I've been a little MIA lately. It isn't an accident. I've dialed back my internet time just a little on purpose. The internet is great obviously. I love it. But in my case I think I've over done it just a little and I think it's preventing me from developing some things in my life that I would like to develop. I want to share a little about the thought process that led me to this conclusion and what I'm doing about it.
What's kind of funny is that I don't know if I'd have realized this without the internet. The internet is both the cause of and solution to these various problems. The same thing Homer says of alcohol.
I developed my reasoning skills a great deal thanks to the internet. Back around 1998 I got involved in an email discussion group that addressed the Catholic/Protestant debate. My logic skills were poor. My writing skills were poor. But I enjoyed the debate enough to participate despite that, and my skills developed. Armed with better reasoning skills I attempted to defend the Bible and Christianity. You know how that worked out. Learning new facts (thanks particularly to the Secular Web) and at the same time using logic to develop conclusions, I was led away from Christianity. And I'm grateful for that.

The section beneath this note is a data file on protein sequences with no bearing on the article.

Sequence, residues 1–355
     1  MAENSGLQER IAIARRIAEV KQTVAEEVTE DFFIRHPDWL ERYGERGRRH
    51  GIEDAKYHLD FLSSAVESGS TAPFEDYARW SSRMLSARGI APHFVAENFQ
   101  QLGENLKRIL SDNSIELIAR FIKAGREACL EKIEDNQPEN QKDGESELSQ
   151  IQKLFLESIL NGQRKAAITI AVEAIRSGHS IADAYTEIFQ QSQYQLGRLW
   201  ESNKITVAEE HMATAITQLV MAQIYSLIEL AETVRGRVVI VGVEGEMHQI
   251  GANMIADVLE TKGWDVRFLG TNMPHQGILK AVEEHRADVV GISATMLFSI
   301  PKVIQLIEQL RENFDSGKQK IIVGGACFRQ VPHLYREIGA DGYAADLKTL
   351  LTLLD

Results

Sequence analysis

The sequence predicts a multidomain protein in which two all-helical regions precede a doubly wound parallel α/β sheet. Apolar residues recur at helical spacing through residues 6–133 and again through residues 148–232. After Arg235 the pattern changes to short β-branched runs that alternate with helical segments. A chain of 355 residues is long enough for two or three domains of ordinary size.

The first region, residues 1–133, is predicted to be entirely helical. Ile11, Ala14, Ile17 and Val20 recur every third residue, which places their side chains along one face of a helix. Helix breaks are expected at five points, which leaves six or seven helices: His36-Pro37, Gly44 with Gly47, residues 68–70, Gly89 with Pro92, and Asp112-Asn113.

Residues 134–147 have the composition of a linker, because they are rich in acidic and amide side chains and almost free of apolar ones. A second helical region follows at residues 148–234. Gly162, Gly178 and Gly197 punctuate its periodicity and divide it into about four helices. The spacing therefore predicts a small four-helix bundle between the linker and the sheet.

The same thing happened with Republican type politics. Corporate media has a pretty loud megaphone, and without the internet I suppose I'd have continued to be led around by the nose in a manner they preferred. My view of the world and the US role in it had been the standard, rah rah, murica is the best, etc, and now I think it's more informed. This wouldn't have happened without the internet.